To play 15 / 16 time you would need to count:
1 e & a 2 e & a 3 e & a 4 e & (missing the final ‘a’)
But that is all way ahead in the future.
Learn the basics first - rhythm, rhythm is king. Then chords and chords changes. Then songs. Learn songs, learn songs, learn songs. I would dare to say that the Queensryche guitarist could easily play dozens and dozens of songs at a request show with just him and an acoustic. That ability is what makes him able to compose the complex and interweaving parts for their songs.
Levi … check this post for some goodies.
I watched Justin’s Video on the three types of songs people should practice. Here is the link.
I realized that I had recently learned two songs that were challenging for me. It would have been better to mix it up and learn one song that is challenging and one that is easy. I also want to be more deliberate about what songs to learn. I had a list of songs in my favorites that I wanted to learn. I organized them into categories in my songbook. In the past, I learned songs that seemed cool at the time but I am thinking abut making a list of the next 5-10 songs to learn. I want to learn some of the songs because they are easy and fun. Others I want to learn so I can practice a specific technique. I also realized that I haven’t memorized the songs I know. I may go back and memorize some of the songs I already know so I can play them with friends.
I call those “low hanging fruit” and am always working on several like that. It’s a quick and fun way to expand your repertoire!
I’ve been doing JustinGuitar lessons for about eight months now. One of the lessons in an earlier grade was an introduction to the three types of songs you should practice. While I thought it was an interesting concept, I dismissed it as being too hokey, especially “Campfire Songs,” which I interpreted to literally mean songs that you play around a campfire.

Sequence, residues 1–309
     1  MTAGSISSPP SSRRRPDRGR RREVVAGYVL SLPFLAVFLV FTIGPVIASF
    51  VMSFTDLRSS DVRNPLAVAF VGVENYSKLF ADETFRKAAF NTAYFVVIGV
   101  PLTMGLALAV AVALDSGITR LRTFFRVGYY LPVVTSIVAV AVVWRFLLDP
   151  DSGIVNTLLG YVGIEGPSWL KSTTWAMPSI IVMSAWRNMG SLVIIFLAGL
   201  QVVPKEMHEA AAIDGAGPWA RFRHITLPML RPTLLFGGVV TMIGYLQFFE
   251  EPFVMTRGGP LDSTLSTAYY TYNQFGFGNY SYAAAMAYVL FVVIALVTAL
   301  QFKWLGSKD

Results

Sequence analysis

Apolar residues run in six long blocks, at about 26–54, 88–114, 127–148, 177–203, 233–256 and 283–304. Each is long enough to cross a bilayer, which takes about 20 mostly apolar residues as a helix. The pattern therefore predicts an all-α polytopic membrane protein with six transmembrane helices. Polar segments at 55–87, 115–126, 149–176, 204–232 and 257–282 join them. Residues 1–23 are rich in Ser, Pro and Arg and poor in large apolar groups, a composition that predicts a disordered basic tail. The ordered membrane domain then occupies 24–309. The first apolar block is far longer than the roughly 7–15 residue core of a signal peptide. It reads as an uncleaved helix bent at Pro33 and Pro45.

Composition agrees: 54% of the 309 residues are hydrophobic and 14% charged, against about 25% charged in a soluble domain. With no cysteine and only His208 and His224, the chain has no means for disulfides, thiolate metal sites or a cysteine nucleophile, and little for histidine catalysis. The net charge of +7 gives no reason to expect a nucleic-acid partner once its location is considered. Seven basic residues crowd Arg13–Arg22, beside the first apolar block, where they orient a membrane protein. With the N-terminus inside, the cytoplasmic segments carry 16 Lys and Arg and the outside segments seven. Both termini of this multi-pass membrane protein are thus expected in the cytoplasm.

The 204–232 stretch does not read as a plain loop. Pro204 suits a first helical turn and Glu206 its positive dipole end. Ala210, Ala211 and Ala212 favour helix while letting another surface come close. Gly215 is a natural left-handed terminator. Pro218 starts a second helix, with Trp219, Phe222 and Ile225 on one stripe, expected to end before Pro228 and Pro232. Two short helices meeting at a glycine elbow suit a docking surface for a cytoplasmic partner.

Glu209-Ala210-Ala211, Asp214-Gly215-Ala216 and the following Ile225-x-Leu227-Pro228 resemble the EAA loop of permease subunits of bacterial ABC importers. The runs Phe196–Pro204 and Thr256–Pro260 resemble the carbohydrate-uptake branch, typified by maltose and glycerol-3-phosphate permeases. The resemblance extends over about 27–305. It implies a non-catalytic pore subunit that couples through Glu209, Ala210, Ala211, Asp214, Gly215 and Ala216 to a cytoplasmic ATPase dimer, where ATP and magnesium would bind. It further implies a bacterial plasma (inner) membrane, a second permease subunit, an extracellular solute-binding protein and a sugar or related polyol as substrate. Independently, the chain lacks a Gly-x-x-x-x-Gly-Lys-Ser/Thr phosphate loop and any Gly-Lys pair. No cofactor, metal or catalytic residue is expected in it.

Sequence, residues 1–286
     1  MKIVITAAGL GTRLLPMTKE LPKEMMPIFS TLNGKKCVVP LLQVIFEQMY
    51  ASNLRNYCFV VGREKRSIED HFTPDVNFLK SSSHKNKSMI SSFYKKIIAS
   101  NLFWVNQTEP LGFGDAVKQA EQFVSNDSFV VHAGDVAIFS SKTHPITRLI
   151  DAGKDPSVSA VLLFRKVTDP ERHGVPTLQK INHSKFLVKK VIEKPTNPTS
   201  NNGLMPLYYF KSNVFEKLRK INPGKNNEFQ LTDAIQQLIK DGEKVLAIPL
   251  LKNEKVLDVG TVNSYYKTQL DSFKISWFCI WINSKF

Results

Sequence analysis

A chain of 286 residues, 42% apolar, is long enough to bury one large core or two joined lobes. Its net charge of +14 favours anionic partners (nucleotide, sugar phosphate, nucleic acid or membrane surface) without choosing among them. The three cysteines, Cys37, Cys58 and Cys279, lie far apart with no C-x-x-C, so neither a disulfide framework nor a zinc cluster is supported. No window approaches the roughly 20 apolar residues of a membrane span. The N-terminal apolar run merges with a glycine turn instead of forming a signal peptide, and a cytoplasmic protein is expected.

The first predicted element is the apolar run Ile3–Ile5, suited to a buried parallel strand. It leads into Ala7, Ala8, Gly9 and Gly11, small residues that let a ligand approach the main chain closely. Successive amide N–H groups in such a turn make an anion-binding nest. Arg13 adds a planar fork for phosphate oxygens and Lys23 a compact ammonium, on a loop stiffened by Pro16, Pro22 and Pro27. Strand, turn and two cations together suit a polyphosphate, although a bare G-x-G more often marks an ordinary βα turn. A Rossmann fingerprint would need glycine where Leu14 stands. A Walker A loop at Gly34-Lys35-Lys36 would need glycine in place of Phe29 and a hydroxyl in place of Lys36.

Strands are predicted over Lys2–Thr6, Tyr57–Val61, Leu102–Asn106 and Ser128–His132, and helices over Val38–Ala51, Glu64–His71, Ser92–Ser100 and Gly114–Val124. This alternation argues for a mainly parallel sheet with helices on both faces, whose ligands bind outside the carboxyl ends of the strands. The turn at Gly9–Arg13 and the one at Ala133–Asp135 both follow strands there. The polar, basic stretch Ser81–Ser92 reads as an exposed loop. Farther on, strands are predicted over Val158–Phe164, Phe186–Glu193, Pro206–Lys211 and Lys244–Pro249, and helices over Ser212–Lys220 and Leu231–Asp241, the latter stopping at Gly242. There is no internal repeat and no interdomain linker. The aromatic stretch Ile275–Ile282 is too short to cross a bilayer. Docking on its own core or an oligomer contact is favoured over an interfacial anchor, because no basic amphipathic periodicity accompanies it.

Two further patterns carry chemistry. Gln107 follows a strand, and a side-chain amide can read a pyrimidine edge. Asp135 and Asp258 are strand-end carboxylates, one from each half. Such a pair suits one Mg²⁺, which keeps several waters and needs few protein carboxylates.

I have been developing and growing my songbook classifying Justin and songs from other sources using Justin’s Grade 1 - 6 system which I love. My system incorporates tags to further distinguish songs by artist, acoustic vs. electric guitar, capo songs, alternate (open) tuning, fingerstyle, etc.
When I studied this “3 Types of Songs You Should Practice (To Play Guitar Better)” lesson, the importance of implementing the Campfire/Developer/Dreamer song classification system took on new meaning. I realized that while the Grade system enables me to sort songs by difficulty which is important, the sheer volume of songs that I’ve accumulated makes it hard to locate songs at which I’m proficient (campfire), songs which I’ve gotten the hang of that require more work (developer), and songs that I would love to play but don’t currently have the skill set to do so (dreamer).
The other, and perhaps most important benefit of implementing and using the Campfire/Developer/Dreamer song classification system is that it enables you to filter, prioritize, and focus on those songs that you enjoy the most and really want to learn and commit to memory whether or not you will ever perform them. This is a priority for me given the fact that I’ve historically been dependent on using sheet music and tabs to play music, whether it has been on guitar, bass guitar, or piano.
Great Stuff !!!